CGDataProviderRef providerRef = CGImageGetDataProvider(grayScaleImage.CGImage);
    CGImageRef imageMask = CGImageMaskCreate(width, height, 8, bitsPerPixel, bytesPerRow, providerRef, NULL, false);
Creating an image mask is very simple in iOS. First we obtain parameter values for CGImageMaskCreate function using standard functions such as CGImageGetWidth, CGImageGetHeight and CGImageGetBytesPerRow etc. After this we call function CGImageMaskCreate which produces image mask. We now have both original image and image mask. In order to mask original image with image mask we call function CGImageCreateWithMask.
CGImageRef maskedImage = CGImageCreateWithMask(originalImage.CGImage, imageMask);
    CGImageRelease(imageMask);
    UIImage* image = [UIImage imageWithCGImage:maskedImage];
    CGImageRelease(maskedImage);
CGImageCreateWithMask takes two parameters original image and imageMask and it returns masked image. We wrap masked image in UIImage object and release masked image reference. If we want to paint unpainted area in our output/masked image then we can draw our masked image in a bitmap context which is filled with background color. I have not included this in the source code but you can use following function to get an output as shown in figure 3.
-(CGImageRef)fillBackgroundColorInImage:(CGImageRef)image imageWidth:(CGFloat)imageWidth imageHeight:(CGFloat)imageHeight{
    
    //create RGB color space.
 CGColorSpaceRef colorSpace = CGColorSpaceCreateDeviceRGB();
    
    // create a bitmap graphics context the size of the image with height given in the function parameter.
 CGContextRef bitmapContext = CGBitmapContextCreate(NULL, imageWidth, imageHeight, 8, 0, colorSpace, (kCGBitmapByteOrder32Little | kCGImageAlphaPremultipliedFirst));
    CGColorSpaceRelease(colorSpace);
    
    //draw image in the context.
 CGRect imageBounds = CGRectMake(0.0, 0.0, imageWidth, imageHeight);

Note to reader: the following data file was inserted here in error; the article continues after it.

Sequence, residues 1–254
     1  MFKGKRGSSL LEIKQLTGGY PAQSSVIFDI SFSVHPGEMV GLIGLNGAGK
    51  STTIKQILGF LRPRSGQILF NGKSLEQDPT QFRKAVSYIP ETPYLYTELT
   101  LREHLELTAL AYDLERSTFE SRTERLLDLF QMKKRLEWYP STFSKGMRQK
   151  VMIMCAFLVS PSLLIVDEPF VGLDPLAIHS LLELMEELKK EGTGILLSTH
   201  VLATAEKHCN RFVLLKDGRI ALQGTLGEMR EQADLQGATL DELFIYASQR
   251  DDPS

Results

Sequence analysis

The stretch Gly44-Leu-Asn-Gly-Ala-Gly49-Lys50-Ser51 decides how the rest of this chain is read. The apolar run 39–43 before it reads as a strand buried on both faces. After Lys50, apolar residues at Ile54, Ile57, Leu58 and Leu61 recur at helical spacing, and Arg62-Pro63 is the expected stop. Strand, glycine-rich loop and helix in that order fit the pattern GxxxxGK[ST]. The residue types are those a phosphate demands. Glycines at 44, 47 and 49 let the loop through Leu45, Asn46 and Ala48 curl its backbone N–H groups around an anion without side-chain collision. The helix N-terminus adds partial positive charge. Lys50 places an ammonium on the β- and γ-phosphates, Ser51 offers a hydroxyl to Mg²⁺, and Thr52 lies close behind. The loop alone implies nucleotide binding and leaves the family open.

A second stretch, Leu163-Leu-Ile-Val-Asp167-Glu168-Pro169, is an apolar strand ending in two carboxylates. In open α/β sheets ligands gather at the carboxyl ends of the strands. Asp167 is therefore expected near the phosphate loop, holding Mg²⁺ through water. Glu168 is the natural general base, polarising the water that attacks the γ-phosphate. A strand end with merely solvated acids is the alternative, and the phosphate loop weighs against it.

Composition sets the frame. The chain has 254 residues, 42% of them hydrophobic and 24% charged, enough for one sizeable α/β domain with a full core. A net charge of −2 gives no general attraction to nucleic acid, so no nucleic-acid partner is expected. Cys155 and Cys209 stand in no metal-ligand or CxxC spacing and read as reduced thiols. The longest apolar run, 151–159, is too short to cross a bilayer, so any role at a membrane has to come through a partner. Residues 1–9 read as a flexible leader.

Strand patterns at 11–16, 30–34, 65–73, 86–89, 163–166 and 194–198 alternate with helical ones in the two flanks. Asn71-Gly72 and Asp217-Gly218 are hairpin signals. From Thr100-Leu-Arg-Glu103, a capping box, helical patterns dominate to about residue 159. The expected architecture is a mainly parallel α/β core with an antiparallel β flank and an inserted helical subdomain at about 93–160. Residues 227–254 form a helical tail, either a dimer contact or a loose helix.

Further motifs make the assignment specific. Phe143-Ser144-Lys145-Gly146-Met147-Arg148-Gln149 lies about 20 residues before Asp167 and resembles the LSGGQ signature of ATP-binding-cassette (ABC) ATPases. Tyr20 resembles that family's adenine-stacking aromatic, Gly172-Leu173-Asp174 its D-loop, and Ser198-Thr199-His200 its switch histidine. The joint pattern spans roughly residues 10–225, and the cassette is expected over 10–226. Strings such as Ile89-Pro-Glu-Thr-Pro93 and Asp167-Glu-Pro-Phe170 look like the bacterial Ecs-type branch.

//set background color with blue color.
    CGContextSetFillColorWithColor(bitmapContext, [UIColor blueColor].CGColor);
    CGContextFillRect(bitmapContext, imageBounds);
    
    //draw image in the context.
 CGContextDrawImage(bitmapContext,imageBounds, image);
 
 //Get the image from the context.
 CGImageRef filledImage = CGBitmapContextCreateImage(bitmapContext);
    CGContextRelease(bitmapContext);
    
    //autorelease filledImage.
    if (filledImage){
        filledImage = (CGImageRef)[(id)filledImage autorelease];
    }
        
    return filledImage;
}
This function takes following inputs:
  • Image. In our case this is the output image which we get after masking original image with image mask or another image.
  • Width of input image.
  • Height of input image.
This function creates an RGB color space and creates a bitmap context. It then fills a blue rectangle and draws an image on top of it. It calls CGBitmapContextCreateImage to create a bitmap image which is returned to caller function.  Our output image looks like as shown in figure3:
Figure 3: Masked image with background color.

Masking using an image
Instead of using an image mask we can mask an image with another image. When an image is used as a mask its sample value (S) per component behaves as an alpha value.
  • 0 means opaque. In this case the pixel or point in original image is blocked on the output image. Alpha value is 0.
  • 1 means transparent. In this case the pixel or point in original image is visible on the output image. Alpha value is 1.
  • Any value greater than 0 and less than 1 allows pixel or point in original image based on alpha value. If S is 0.3 then alpha value 0.3. This means that pixel would be 30% transparent on the output image.
Please note that this behavior is different from Image mask. Lets have a look at same example as in figure 1.
Figure 4: Masking using an image (a) original image (b) image used as a mask (c) masked image